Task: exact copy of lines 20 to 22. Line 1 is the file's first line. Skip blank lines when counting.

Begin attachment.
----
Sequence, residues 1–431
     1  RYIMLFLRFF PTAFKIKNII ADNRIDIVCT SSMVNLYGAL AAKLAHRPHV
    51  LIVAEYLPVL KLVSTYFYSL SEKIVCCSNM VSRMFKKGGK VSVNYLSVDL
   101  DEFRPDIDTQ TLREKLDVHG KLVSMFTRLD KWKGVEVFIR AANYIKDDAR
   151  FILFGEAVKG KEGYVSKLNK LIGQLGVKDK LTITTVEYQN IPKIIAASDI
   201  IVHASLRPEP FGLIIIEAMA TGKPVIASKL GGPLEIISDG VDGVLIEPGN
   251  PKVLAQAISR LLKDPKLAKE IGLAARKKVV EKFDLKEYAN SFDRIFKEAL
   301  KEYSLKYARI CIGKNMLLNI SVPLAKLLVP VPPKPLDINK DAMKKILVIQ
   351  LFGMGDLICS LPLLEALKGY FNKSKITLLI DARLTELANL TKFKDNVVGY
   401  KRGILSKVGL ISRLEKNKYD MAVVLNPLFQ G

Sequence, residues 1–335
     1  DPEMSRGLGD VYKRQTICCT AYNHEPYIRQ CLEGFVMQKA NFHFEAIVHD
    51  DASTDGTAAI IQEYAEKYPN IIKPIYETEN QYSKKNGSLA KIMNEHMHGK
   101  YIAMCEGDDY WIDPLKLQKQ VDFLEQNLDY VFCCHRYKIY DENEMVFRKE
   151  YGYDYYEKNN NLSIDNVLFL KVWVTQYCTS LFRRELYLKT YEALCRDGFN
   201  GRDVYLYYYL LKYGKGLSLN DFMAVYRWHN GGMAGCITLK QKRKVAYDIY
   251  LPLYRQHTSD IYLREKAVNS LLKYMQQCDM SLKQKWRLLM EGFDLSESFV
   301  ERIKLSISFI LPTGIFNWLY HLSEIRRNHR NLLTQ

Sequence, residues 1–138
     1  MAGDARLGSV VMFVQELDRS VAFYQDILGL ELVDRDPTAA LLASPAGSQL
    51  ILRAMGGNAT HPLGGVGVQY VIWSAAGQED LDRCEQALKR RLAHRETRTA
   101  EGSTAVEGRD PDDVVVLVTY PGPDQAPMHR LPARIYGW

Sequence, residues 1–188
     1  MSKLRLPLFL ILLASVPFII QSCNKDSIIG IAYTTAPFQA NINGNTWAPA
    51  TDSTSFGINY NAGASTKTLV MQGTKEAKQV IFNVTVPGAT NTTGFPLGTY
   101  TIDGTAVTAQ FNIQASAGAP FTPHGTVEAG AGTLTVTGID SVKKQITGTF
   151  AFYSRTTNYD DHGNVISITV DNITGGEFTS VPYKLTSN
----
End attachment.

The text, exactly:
     1  MAGDARLGSV VMFVQELDRS VAFYQDILGL ELVDRDPTAA LLASPAGSQL
    51  ILRAMGGNAT HPLGGVGVQY VIWSAAGQED LDRCEQALKR RLAHRETRTA
   101  EGSTAVEGRD PDDVVVLVTY PGPDQAPMHR LPARIYGW